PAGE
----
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Under the Weather: Health, Schooling, and Economic Consequences of Early-Life Rainfall

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  • Sharon L. Maccini
  • Dean Yang

Abstract

How sensitive is long-run individual well-being to environmental conditions early in life? This paper examines the effect of weather conditions around the time of birth on the health, education, and socioeconomic outcomes of Indonesian adults born between 1953 and 1974. We link historical rainfall for each individual's birth-year and birth-location with current adult outcomes from the 2000 wave of the Indonesia Family Life Survey. Higher early-life rainfall has large positive effects on the adult outcomes of women, but not of men. Women with 20% higher rainfall (relative to normal local rainfall) in their year and location of birth are 3.8 percentage points less likely to self-report poor or very poor health, attain 0.57 centimeters greater height, complete 0.22 more grades of schooling, and live in households that score 0.12 standard deviations higher on an asset index. These patterns most plausibly reflect a positive impact of rainfall on agricultural output, leading to higher household incomes and food availability and better health for infant girls. We present suggestive evidence that eventual benefits for adult women's socioeconomic status are most strongly mediated by improved schooling attainment, which in turn improves socioeconomic status in adulthood.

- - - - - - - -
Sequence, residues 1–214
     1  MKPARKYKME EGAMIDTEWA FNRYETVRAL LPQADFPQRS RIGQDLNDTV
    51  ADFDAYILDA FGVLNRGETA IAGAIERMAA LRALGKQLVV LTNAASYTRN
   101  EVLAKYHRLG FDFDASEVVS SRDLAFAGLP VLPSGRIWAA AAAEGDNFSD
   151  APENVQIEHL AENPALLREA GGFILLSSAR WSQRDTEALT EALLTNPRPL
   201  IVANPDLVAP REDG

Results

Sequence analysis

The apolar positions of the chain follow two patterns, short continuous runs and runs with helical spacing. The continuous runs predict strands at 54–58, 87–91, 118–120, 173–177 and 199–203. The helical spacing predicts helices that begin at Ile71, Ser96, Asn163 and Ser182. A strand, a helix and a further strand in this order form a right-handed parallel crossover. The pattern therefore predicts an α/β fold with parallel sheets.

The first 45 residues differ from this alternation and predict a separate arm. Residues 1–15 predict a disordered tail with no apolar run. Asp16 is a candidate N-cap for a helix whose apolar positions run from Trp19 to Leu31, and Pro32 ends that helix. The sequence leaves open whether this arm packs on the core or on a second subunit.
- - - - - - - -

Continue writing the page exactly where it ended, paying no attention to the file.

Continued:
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Bibliographic Info

Paper provided by National Bureau of Economic Research, Inc in its series NBER Working Papers with number 14031.

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Date of creation: May 2008
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Publication status: published as Sharon Maccini & Dean Yang, 2009. "Under the Weather: Health, Schooling, and Economic Consequences of Early-Life Rainfall," American Economic Review, American Economic Association, vol. 99(3), pages 1006-26, June.
Handle: RePEc:nbr:nberwo:14031

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  1. James H. Stock & Motohiro Yogo, 2002. "Testing for Weak Instruments in Linear IV Regression," NBER Technical Working Papers 0284, National Bureau of Economic Research, Inc.
  2. Thomas, Duncan & Beegle, Kathleen & Frankenberg, Elizabeth & Sikoki, Bondan & Strauss, John & Teruel, Graciela, 2004. "Education in a crisis," Journal of Development Economics, Elsevier, vol. 74(1), pages 53-85, June.
  3. John Strauss & Duncan Thomas, 1998. "Health, Nutrition, and Economic Development," Journal of Economic Literature, American Economic Association, vol. 36(2), pages 766-817, June.
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